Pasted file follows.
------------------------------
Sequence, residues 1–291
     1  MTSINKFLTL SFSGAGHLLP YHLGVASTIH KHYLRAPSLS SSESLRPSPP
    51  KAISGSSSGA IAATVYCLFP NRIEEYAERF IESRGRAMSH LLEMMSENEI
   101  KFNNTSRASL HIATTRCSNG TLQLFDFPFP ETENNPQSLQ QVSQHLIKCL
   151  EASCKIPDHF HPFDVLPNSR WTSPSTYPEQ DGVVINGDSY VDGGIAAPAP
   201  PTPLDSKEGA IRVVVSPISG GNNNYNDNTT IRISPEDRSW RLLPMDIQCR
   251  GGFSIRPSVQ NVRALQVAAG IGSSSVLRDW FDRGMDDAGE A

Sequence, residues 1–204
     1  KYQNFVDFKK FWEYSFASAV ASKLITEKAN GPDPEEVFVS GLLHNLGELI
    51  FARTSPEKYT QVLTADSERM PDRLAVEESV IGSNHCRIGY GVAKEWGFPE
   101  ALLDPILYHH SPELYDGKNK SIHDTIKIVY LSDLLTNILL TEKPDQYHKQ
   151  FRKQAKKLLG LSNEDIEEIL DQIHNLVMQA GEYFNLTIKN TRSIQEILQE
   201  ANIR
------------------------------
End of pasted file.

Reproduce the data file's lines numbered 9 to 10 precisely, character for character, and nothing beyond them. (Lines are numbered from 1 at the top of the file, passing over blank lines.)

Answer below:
     1  KYQNFVDFKK FWEYSFASAV ASKLITEKAN GPDPEEVFVS GLLHNLGELI
    51  FARTSPEKYT QVLTADSERM PDRLAVEESV IGSNHCRIGY GVAKEWGFPE